Pepite 40 - Aldinucci, De Dominicis, Riparbelli

Season Two


Some call it sound-art, new music, research sounds, acoustic experimentations or liminal sounds, we just call them Pepite, golden nuggets: tips on sound research, precious bits of our programming. Each week we select few Pepite and highlight them into our free from streaming.

In the last few weeks we have been listening to three brand new albums by three italian musicians we highly prize and we have already collaborated with or encountered along Radio Papesse's path: Barbara De Dominicis, Giulio Aldinucci – you might know him as Obsil – and Pietro Riparbelli.

Barbara De Dominicis and Julia Kent recently released together with French label Baskaru, the road-diary album Parallel °41, a mix of sounds, ambiences and soundscapes along the 41st parallel that joins New York and Naples both on an imaginary and musical journey between Kent’s home and De Dominicis' city, New York and Naples respectively. The two artists share the same geographical wavelenght but it’s clear they also inhabit the same delicate sound and music sensitivity.

The term Tarsia (or Intarsia) denotes an ancient technique of wood inlaying. The first examples of this practice date back to the XIV century and come from the Siena region. I have chosen this title – Giulio Aldinucci says - because I consider this technique similar to the that of a lot of contemporary electro-acoustic music. To make these wood inlays they used rare and carefully selected natural elements, which were then treated, and sometimes individually coloured, and subsequently placed next to each other in order to create complex patterns, which is what many musicians within this field tend to do.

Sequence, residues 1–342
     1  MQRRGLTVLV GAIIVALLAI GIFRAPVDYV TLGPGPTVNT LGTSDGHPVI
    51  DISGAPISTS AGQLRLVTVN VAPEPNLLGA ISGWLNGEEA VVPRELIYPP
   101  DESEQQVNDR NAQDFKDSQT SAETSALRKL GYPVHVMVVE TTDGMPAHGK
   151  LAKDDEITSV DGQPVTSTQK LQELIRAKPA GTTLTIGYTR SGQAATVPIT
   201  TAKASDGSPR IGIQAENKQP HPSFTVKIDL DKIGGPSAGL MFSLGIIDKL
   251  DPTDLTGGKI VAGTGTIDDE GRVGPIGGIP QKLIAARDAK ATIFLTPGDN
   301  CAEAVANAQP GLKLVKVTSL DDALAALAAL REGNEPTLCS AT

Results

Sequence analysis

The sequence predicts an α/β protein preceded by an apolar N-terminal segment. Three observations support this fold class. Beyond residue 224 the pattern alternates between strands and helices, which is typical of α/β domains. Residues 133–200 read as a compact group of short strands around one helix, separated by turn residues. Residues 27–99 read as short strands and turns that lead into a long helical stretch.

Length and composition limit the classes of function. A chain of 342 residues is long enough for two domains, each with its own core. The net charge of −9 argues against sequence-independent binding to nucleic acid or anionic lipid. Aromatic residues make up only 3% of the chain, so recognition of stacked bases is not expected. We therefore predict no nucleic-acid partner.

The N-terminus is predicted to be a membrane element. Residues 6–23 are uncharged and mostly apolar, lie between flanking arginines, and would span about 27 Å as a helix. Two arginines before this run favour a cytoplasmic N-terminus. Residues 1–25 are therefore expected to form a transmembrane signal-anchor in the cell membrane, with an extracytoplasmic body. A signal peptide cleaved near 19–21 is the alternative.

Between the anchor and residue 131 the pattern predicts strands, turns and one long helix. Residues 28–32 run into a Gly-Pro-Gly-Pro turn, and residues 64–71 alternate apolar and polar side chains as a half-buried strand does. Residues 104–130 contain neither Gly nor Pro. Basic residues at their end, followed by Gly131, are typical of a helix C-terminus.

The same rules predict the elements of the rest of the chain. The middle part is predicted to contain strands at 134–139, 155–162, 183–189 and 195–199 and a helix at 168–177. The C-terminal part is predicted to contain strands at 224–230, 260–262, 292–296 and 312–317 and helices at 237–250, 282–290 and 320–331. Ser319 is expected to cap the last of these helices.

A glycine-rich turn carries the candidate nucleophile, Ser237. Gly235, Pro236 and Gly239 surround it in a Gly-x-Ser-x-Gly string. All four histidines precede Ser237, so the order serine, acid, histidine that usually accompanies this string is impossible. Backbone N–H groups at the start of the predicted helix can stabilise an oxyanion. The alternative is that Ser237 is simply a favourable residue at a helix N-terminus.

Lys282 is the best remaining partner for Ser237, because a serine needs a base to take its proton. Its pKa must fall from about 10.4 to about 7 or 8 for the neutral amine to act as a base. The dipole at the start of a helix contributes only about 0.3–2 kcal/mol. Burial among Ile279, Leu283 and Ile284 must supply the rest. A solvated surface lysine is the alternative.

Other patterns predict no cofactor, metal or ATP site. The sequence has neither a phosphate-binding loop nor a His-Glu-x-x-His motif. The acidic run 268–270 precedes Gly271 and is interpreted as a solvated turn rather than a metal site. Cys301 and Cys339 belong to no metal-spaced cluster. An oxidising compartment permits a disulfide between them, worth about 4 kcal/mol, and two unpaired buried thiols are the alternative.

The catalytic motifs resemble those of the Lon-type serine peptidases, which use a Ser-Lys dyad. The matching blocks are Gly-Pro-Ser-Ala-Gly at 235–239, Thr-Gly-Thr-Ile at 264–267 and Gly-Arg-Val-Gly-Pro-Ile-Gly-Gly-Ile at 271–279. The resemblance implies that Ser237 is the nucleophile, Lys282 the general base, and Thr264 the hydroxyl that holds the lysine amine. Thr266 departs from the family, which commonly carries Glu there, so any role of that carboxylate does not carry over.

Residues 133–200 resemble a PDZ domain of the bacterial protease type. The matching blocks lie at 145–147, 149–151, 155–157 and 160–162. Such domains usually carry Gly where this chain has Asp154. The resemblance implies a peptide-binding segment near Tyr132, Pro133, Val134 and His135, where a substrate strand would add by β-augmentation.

Tarsia is a complex and nonetheless very balance album, a must listen release we recommend you to give time.

Last but not least, we suggest you to listen to Three days of silence by Pietro Riparbelli, released by Gruenrekorder.

Since its precedent 4 Churches -  published by Touch in 2011 – Riparbelli's last ouvre has evolved into a more philosophical investigation and brings us into the La Verna Cloister – a sacred venue since Saint Francis received here the stigmata – where meditation and silence refers to something that goes far beyond the limited physical space. Three tracks, three days, an extraordinary album.

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